28. 28. 22 Effective classroom managementThus, whether contributing to an academic problem-solving task orin more general socialising, the less confident pupil is given greateropportunities to participate and develop interpersonal skills. Group work is considered usually in terms of co-operative learn-ing, but it also offers possibilities for competitive learning in a lessthreatening setting than individual performance. Astute tailoring oftasks or questions can ensure that group or team success dependsas much on the least able as on the most able member. Competitioncan be an enjoyable method of enlivening the learning and recall ofessential facts, but it carries the threat of being the source of height-ened illumination of individual ignorance. Working with groupsoffers the chance of providing the element of excitement without thepotential limelight hogging or ego bruising of individual competi-tion.Classroom layoutIf teachers do wish to work with small groups, then thought needsto be given to the arrangement of classroom furniture and whichdesign and layout is best suited to the intended task. Often groupwork means pupils sitting round tables or desks put together toform a similar base. Waterhouse (1983) likens the random arrange-ment of such groups to a ‘dining room’ approach with the teacherand resources located at the front of the room as a sort of academicserving hatch. The successful ordering of this arrangement, as any-one who has ever done ‘dinner duty’ will confirm, depends on care-ful regulation of visits to the servery. Whilst it is easy enough tocontrol the allotment of second helpings or delay delivery of des-serts until everyone has finished the main course, demands for aca-demic service are less predictable and almost inevitably queues ofthe eager or overdependent build up diverting the teacher’s atten-tion or masking the teacher’s observation of the rest of the class. This arrangement also means that for a large part of every lessonmany children sit with their backs to the teacher. This makes it diffi-cult for teachers to make sure children are attending and if everyoneis asked to turn round and face the teacher, there is a shifting ofchairs and jostling of bodies which inevitably distracts and breaksthe momentum and continuity of the lesson. Negotiating the route to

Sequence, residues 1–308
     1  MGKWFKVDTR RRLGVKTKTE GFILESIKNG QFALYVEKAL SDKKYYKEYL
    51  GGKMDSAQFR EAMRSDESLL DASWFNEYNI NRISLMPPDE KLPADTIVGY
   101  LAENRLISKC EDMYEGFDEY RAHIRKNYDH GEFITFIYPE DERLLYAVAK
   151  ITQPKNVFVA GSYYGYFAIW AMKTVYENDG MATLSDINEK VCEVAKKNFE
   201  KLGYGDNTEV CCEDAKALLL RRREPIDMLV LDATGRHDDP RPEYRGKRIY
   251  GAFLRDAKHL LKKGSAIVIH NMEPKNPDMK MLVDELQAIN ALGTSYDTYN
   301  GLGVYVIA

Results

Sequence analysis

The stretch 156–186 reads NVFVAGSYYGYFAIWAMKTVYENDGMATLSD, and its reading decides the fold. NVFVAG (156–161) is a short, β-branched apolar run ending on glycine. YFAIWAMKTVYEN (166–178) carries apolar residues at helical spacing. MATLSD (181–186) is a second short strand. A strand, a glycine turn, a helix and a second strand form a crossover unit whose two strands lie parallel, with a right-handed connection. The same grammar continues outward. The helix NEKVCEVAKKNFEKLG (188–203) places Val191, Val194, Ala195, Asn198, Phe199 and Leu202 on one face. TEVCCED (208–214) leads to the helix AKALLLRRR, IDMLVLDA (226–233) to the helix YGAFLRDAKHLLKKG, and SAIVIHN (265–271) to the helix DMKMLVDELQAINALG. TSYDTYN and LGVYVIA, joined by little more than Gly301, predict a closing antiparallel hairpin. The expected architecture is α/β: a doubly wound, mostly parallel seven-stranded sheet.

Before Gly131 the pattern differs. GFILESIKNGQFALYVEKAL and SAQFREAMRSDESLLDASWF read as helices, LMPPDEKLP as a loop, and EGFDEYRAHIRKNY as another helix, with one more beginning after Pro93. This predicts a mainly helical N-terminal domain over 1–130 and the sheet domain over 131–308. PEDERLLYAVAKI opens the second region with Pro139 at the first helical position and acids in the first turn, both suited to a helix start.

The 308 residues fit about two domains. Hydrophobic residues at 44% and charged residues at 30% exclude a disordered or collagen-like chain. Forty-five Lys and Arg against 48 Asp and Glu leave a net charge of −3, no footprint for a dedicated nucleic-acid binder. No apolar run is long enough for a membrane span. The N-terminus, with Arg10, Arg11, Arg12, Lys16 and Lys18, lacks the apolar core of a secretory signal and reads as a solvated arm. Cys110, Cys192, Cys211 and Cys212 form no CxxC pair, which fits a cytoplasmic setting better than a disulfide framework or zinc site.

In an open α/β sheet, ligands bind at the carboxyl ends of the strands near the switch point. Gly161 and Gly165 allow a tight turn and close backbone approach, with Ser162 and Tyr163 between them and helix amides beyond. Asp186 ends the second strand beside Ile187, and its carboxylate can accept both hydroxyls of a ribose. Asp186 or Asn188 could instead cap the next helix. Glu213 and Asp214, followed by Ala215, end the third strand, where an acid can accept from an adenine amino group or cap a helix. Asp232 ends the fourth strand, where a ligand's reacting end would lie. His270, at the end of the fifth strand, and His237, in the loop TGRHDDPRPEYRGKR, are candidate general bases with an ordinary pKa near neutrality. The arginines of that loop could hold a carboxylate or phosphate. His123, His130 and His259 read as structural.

29. 29. Analysing classroom organisation 23and from the teacher’s desk, whether in search of guidance or ma-terials, adds another source for contact, comment and confusion. Waterhouse (1983) suggests that most of these problems can beovercome by adopting a ‘peripheral’ system. This involves placingdesks or tables around the edges of the room with the teacher’s desklocated in the centre of the room, together with ‘resource islands’from which children draw, as necessary, supplies of stationery andother materials and where they consult reference books or find newworkcards. This should make traffic regulation more manageableand also make it easier to focus attention on the teacher, when infor-mation and instructions need to be given. Lemlech (1988) suggests using ‘learning centres’, described as‘an environment arranged to accomplish a particular instructionalpurpose’. This is a similar idea to ‘resource islands’ but with mate-rials grouped by theme instead of function. Learning centres areparts of the classroom, where tables, desks and bookshelves areorganised with books, paper, art or writing materials gathered to-gether for activities selected to extend and enrich understanding ofa particular curricular topic, or to give extra practice and reinforce-ment in using a specific skill. These centres might be arranged bysubject area: language, maths, science; or they might each relate toan aspect of a skill: reading comprehension, listening with under-standing, writing and spelling. The classroom might also be de-signed to accommodate ‘interest centres’ for student activity andchoice during free time. Cangelosi (1988) discusses the attributes of an ‘ideal classroom’and suggests that the room should be adaptable for whole classlectures, small group tasks and individual study laid out in such away that the teacher has a good vantage point for supervision, easyaccess to move quickly and easily to any pupil and adequate storagefor materials and equipment. Cangelosi then provides an illustratedtale of how one teacher attains this ideal, changing the furnitureand design of a traditional high school ‘obstacle course’ of a class-room, through a series of adaptations involving volunteer labour,parental support and gifts of ‘surplus’ furniture into a flexible work-ing environment with its own mini-library and quiet room.